An owner who had installed a modified 502 V-8 engine in his airboat experienced a problem on the 5-bladed prop he was using.  After just 10 hours of use on the prop, the blades cracked, resulting in a catastrophic failure.  Because the owner had balanced the prop at installation with DynaVibe, he had the diagnostic data to allow the blade manufacturer to rule out imbalance as the cause of the failure.  Instead, the manufacturer determined that there wasn’t sufficient blade surface for the horsepower of the engine: the powerful engine was spinning the blades too fast.  The manufacturer provided a new, 6-bladed prop at no charge to this owner.  The new prop was also balanced, going from an initial vibration of .65 Inches Per Second (IPS) to .06 IPS on the final run.  This owner shared, “It felt really good having the information from the DynaVibe balancing runs to go to the prop manufacturer on a warranty claim, which they quickly honored.”

Another airboat owner got help balancing his prop from a DynaVibe GX2 user.  This airboat was running a Whirlwind prop on a Chevy engine with a Rotator brand reduction, and it was experiencing a pretty bad vibration in RPM transition at about 1/3 power.  This initial balancing run revealed a severe vibration of 2.35 IPS, which after a series of balancing runs was reduced to .13 IPS.  The GX2 owner shared, “At the last weight addition, it (the vibration) cleaned up significantly.”  The following photo shows the balancing setup for this airboat:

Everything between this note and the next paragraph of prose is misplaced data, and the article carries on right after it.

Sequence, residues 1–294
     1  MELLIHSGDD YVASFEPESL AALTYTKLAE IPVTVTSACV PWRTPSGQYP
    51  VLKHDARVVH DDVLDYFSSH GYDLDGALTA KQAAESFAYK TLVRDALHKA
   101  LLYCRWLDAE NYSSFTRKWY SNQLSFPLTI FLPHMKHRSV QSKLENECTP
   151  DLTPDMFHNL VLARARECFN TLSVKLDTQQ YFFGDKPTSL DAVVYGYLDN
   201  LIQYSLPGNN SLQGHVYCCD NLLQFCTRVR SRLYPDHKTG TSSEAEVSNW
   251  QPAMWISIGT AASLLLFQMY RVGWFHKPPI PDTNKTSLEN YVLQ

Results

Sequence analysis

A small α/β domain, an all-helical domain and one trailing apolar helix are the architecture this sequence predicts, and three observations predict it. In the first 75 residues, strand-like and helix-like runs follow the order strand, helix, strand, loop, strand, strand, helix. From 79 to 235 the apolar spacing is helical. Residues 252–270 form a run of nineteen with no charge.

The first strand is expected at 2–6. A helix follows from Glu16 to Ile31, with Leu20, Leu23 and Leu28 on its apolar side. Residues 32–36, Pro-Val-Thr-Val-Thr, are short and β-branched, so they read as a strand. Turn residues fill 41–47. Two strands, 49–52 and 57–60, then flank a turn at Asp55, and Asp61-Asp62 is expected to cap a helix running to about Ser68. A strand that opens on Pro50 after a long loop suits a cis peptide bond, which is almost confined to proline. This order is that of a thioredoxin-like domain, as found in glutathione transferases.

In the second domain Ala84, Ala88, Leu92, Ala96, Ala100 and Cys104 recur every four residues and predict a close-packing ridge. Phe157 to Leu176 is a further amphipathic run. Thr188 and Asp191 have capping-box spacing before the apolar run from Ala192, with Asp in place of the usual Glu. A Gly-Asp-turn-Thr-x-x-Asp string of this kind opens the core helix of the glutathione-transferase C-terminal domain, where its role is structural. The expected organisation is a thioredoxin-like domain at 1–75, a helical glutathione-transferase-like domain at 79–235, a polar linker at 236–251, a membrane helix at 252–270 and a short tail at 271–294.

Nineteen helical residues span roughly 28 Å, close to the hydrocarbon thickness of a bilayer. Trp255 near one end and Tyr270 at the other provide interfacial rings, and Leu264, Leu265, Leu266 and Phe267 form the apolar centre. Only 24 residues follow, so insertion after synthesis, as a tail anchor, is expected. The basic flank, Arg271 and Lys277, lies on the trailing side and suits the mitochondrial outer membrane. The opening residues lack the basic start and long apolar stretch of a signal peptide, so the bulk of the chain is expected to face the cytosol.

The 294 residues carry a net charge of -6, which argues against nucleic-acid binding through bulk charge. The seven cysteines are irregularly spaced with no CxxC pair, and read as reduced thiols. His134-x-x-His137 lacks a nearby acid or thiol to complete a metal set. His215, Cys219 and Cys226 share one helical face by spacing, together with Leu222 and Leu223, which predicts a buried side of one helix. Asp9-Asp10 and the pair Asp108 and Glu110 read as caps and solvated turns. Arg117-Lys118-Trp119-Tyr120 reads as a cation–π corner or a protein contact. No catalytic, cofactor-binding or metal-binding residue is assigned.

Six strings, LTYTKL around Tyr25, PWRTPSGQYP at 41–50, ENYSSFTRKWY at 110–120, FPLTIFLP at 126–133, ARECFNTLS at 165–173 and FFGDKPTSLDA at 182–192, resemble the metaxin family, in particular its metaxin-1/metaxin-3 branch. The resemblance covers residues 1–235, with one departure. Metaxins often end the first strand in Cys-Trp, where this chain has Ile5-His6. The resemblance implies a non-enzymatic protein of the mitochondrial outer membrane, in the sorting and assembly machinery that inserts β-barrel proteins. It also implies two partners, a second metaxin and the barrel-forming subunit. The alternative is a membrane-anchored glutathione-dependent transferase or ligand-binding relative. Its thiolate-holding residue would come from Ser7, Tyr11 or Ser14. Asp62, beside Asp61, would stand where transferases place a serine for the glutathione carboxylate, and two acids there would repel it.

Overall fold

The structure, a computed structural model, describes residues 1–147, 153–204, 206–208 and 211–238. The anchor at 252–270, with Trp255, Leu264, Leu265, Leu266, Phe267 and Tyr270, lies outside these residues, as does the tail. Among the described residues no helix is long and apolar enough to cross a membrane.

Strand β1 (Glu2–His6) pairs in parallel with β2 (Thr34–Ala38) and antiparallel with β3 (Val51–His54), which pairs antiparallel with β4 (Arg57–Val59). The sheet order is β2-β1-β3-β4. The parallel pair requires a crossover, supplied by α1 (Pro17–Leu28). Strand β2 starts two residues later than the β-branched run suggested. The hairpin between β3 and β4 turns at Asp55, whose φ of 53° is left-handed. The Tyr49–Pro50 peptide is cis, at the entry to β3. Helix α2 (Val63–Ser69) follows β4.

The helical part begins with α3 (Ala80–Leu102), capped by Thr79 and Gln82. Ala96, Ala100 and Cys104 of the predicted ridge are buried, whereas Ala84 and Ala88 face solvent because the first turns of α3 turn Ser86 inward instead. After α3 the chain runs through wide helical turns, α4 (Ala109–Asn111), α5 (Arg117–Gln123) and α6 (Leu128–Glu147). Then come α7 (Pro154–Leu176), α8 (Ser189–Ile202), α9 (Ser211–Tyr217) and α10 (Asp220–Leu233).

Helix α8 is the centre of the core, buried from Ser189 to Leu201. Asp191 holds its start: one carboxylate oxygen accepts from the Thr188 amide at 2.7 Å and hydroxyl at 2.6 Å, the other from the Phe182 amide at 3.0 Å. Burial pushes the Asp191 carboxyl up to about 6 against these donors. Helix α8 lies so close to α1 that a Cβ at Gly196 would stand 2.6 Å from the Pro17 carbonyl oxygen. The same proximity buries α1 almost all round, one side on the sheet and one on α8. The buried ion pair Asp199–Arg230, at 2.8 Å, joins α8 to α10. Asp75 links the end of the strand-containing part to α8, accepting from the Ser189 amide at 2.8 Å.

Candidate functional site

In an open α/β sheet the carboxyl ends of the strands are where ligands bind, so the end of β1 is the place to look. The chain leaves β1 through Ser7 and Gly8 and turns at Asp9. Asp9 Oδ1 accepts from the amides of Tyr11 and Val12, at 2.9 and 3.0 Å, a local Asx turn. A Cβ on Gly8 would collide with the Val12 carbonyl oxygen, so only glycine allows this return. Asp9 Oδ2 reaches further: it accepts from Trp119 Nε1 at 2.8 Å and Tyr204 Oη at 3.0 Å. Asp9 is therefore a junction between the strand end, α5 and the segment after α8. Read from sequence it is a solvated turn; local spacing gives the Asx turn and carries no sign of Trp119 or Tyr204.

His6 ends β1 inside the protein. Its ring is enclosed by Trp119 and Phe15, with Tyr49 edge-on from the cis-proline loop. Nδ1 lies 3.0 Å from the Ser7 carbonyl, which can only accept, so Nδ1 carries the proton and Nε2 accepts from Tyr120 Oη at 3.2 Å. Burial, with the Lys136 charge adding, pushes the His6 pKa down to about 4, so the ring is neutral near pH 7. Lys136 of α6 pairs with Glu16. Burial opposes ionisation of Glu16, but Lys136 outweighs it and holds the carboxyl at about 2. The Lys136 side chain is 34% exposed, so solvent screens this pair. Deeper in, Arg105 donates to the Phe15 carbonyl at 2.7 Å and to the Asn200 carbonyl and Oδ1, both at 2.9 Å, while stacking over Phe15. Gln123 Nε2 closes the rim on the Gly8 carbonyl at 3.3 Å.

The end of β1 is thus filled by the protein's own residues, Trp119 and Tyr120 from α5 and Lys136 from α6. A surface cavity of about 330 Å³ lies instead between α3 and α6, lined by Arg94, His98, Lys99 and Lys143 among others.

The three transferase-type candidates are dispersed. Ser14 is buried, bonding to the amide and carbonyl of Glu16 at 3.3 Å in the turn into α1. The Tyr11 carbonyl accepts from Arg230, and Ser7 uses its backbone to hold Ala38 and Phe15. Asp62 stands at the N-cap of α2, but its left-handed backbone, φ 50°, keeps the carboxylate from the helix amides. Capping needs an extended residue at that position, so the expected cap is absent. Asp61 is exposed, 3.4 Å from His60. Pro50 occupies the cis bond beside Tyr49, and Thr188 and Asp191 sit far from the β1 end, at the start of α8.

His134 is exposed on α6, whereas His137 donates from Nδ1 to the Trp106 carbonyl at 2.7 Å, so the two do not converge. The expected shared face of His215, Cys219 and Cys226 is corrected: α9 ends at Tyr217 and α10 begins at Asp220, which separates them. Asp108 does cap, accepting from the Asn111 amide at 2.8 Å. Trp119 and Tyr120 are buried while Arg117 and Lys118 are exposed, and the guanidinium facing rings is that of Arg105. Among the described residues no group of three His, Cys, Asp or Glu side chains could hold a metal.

An airboat prop set up for balancing with DynaVibe

DynaVibe owners can use their existing systems to balance airboats to get better performance and improve reliability.  To learn more about using DynaVibe to balance airboats, call us at 650.800.3092 or enter your email address in the box below and a DynaVibe team member will contact you.  Visit the online store to shop for DynaVibe.  We welcome your questions!

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Engine Trend Monitoring with Vibration Surveys

Wednesday, February 03, 2016

For any operator, particularly the ag aviation operator, having an engine go out-of-service unexpectedly is not only frustrating, but potentially revenue-impacting, or worse, life-threatening.  It’s not possible to predict all engine failures in advance, but it is possible to detect many of them through the use of a full-spectrum vibration survey.

A full-spectrum vibration survey, or vibe survey for short, is a procedure that uses engine-mounted sensors to measure the frequency and magnitude of vibrations emitted by an engine.  Certain frequencies of vibrations map to specific problems or potential problems.  In other words, a vibe survey can tell you a number of things about what’s going on inside your engine based on the presence of vibrations.  Identifying these vibrations early, when they’re relatively small, allows the operator to address them before they result in a failure.  For this reason, a vibe survey is an excellent preventative maintenance tool. 

Conducting a vibe survey doesn’t take long, and most of the time is spent setting up the airplane with a phototachometer, reflective tape and an accelerometer to measure the vibration.  Once the airplane is set up, the engine is run up to operating RPM and with the push of a button, the vibe survey data is captured.  The photograph below shows the set up on a Grumman Ag-Cat with a Garrett TPE331 engine and a 3-blade prop:

Grumman Ag-Cat set up for dynamic prop balancing and vibration analysis